In addition to generally higher needs for health care and related services, the literature reviewed indicated several areas in which Aboriginal peoples had particularly high needs. These included maternal and child health; needs related to diabetes, obesity and overweight; and mental health and substance use.

Maternal and Child Health

Aboriginal women may face a number of barriers to receiving health care, including poverty, racism, and stigmatization. Along with the higher fertility and younger population, these may result in a greater need for maternal and reproductive health services, including services for infants and children. For example, off-reserve Aboriginal children are more likely to have low birth weights than other Canadian children (Turcotte and Zhao, 2004). Low birth weight means lower rates of survival after birth, and can impact health later in the child’s life. Low birth weight is related to a variety of other health problems prevalent in the Aboriginal population, such as smoking during pregnancy and maternal diet.

Aboriginal women also experience high prevalence of HIV/AIDS. They represent nearly half of new HIV diagnoses in the Aboriginal population, whereas in the non-Aboriginal population, women represent only about 20% of cases (McCall et al., 2009). Aboriginal women are also less likely to access treatment programs.

Lastly, Aboriginal women are four times more likely to experience domestic violence than non-Aboriginal women (Brownridge, 2008). Some hypothesize that Aboriginal domestic violence is related to colonization and cultural loss, and that Canadian policies addressing violence have not been able to address the specific cultural needs of Aboriginal families.

Obesity, Overweight, and Diabetes

In 2001, Aboriginal people living off-reserve were 1.8 times as likely as other Canadians to be obese, according to definitions relating obesity to Body Mass Index (Tjepkema, 2002). There is also evidence that as many as half of all Aboriginal children could be classified as overweight or obese. In 2001, off-reserve Aboriginal people were twice as likely as other Canadians to have been diagnosed with Type II or adult-onset diabetes mellitus (Tjepkema, 2002). Additionally, literature identifies gestational diabetes, or diabetes related to pregnancy, as a major risk for Aboriginal women: in Saskatoon in 2002, 11.5% of Aboriginal women contracted gestational diabetes, as opposed to 3.5% of women in the general population (Dyck et al., 2002). It is important to note that diabetes is only one result of obesity and overweight: these conditions also lead to a number of other health problems.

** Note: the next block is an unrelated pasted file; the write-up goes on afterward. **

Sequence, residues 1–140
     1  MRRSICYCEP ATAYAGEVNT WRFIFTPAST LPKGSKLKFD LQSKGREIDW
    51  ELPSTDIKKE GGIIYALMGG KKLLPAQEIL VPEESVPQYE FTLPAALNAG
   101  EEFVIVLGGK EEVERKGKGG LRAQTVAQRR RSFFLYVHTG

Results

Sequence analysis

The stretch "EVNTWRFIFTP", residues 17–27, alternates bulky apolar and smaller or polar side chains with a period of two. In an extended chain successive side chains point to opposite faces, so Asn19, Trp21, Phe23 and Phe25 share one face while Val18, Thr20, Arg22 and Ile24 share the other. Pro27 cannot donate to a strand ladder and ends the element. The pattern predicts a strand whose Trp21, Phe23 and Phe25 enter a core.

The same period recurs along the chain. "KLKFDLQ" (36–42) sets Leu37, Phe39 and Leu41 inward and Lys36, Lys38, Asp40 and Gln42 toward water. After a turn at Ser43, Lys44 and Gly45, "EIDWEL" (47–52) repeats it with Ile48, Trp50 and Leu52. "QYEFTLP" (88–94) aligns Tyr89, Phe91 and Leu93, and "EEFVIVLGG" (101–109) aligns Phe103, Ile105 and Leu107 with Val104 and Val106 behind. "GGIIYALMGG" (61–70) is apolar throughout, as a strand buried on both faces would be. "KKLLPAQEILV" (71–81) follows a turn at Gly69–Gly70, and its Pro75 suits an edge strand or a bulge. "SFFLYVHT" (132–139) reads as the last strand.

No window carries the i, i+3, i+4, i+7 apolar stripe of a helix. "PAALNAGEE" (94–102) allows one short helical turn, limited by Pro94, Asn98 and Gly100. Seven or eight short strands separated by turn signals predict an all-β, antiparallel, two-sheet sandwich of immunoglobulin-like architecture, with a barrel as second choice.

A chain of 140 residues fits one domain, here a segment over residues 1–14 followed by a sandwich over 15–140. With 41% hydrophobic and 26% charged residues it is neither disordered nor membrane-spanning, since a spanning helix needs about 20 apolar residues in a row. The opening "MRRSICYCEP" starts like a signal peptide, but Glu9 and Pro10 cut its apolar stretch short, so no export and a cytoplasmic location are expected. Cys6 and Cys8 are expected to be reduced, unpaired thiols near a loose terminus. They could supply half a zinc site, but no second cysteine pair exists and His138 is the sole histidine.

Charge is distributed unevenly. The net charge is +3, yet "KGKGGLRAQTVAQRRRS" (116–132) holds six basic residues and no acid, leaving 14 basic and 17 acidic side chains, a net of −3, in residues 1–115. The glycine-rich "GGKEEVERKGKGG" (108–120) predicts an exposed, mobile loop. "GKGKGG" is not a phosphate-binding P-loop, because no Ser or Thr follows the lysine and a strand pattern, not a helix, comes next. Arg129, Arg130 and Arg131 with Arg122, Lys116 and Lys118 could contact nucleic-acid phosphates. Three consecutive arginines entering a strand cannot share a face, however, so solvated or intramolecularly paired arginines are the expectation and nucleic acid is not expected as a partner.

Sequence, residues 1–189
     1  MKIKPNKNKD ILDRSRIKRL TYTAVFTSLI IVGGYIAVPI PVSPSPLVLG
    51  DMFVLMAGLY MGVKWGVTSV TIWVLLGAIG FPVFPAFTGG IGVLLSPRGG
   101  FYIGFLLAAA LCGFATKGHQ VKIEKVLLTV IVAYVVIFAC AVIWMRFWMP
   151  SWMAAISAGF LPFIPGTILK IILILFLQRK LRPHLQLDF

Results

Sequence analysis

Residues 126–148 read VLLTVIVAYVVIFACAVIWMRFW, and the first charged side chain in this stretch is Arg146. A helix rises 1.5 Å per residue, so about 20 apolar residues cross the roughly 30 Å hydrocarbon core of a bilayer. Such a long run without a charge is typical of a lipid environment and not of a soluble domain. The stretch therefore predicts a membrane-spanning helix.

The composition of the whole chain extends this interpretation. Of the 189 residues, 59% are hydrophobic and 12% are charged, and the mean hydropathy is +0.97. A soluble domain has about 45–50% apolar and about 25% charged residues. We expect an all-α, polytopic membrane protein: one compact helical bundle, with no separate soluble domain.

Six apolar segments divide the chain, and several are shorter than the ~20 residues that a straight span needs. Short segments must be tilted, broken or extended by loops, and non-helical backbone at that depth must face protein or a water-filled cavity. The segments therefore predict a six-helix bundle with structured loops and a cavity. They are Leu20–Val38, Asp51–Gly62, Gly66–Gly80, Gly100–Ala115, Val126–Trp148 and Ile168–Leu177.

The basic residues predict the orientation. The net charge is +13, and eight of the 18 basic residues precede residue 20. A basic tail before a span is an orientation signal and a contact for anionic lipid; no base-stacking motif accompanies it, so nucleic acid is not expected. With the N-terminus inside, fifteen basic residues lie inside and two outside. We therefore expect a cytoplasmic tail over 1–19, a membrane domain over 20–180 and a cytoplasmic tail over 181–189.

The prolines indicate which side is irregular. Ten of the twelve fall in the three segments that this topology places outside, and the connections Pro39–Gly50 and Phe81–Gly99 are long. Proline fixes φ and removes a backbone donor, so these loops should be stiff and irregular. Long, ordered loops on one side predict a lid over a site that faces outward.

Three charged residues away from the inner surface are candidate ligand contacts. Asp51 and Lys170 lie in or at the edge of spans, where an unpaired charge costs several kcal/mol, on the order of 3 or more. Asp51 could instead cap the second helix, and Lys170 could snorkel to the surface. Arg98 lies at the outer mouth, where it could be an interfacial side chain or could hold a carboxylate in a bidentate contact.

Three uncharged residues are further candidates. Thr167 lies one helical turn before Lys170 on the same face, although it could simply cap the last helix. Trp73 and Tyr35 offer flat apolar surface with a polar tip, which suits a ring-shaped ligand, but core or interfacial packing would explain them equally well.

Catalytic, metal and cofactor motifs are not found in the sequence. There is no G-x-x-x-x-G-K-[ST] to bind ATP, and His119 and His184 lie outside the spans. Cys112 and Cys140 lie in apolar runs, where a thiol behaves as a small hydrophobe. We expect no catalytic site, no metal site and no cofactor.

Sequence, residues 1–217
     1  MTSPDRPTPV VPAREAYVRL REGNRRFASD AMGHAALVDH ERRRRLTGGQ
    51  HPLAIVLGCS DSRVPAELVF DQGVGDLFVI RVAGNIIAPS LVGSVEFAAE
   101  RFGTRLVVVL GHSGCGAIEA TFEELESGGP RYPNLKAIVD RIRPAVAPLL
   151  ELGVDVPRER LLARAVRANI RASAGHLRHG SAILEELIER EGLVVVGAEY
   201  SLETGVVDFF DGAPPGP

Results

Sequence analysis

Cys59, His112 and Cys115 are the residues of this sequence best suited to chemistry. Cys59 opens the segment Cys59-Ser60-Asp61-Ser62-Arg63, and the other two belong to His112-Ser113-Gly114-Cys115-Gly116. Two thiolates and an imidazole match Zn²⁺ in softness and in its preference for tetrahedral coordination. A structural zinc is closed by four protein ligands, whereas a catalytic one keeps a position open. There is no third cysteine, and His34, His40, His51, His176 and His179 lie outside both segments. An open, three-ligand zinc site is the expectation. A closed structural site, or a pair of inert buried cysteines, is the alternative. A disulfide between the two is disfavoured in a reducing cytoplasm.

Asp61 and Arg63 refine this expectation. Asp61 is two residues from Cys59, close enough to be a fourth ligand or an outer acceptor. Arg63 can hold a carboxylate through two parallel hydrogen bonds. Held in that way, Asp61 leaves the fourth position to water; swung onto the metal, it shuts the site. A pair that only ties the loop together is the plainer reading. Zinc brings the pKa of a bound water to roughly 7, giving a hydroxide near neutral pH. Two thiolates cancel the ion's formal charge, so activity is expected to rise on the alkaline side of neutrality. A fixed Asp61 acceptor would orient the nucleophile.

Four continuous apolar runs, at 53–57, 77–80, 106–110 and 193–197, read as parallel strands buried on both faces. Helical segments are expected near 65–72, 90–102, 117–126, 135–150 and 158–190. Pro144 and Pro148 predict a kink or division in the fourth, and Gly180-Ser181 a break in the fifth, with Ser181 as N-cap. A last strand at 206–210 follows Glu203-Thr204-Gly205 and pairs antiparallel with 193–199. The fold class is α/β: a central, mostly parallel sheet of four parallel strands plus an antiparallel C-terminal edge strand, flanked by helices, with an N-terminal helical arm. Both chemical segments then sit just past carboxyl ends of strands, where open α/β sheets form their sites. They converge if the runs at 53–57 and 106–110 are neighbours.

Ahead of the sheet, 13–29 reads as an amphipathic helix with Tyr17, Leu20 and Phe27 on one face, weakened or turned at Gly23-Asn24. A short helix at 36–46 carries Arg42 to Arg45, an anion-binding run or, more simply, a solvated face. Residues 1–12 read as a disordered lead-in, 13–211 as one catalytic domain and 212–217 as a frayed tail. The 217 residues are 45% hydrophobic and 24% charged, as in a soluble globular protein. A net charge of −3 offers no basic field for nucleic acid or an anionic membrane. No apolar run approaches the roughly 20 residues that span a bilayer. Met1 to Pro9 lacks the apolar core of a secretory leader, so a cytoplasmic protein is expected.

Needs associated with obesity and diabetes are prevention, treatment, and management. Prevention and treatment can include maintaining healthy weights through healthy diet and exercise. Obesity prevention programmes targeted to urban Aboriginal peoples have also included health education initiatives that teach budgeting and cooking skills. Screening of diabetes is also very important, as untreated diabetes has caused a prevalence of complications among Aboriginal populations like vision loss and lower limb amputation.

Mental Health and Substance Use

The literature indicated important gaps in mental health and addiction services. Aboriginal populations show higher rates of mental health problems than the general Canadian population. It has been suggested that these stem partly from social distress due to cultural disruption and the lasting impacts of the residential school system (Kirmayer et al., 2009). This distress manifests itself in high rates of alcohol and substance abuse, as well as high levels of suicide and self-harm.

Since these problems may be related to loss of culture and identity, medical methods of addressing substance abuse or generalized efforts to reduce suicide may not be as effective for Aboriginal peoples. The literature suggested that programming should employ anti-colonial methods and traditional beliefs and practices to combat the impacts of cultural loss. Additionally, there is evidence that increased Aboriginal control over their own services might have a beneficial effect on suicide rates (Chandler and Lalonde, 2009). However, it is not clear whether these findings would hold in an urban setting.

Cultural and Social Needs

As seen above, research shows that urban Aboriginal peoples have specific needs related to preservation of culture. Among other consequences, colonization is responsible for devaluing Indigenous cultures and for promoting feelings of shame at being Aboriginal. Thus, “culturally competent” services that respect Aboriginal cultures are necessary. Service provision can also be “decolonizing” if it helps people reclaim their pride in their identity, not only by making clients feel understood, but also by embracing and strengthening cultures.